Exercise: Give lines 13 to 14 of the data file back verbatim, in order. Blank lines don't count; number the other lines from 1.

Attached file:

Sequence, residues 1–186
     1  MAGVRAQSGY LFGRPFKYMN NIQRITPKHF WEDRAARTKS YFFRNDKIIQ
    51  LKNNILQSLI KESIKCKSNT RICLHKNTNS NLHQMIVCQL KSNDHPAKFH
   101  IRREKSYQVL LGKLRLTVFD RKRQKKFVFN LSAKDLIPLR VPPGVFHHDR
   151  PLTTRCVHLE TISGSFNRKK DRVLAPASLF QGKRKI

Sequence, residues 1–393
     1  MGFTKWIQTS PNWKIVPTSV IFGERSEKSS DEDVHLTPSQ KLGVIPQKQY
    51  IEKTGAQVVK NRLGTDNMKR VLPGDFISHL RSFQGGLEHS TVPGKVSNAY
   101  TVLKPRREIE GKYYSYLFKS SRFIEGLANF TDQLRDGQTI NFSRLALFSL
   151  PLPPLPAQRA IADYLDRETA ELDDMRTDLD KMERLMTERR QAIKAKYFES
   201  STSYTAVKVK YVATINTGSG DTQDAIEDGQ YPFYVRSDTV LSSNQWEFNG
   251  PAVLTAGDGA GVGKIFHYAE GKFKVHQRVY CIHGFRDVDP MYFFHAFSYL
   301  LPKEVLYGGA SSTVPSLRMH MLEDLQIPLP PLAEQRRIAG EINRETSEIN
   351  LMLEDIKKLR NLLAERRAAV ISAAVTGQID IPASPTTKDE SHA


   301  LPKEVLYGGA SSTVPSLRMH MLEDLQIPLP PLAEQRRIAG EINRETSEIN
   351  LMLEDIKKLR NLLAERRAAV ISAAVTGQID IPASPTTKDE SHA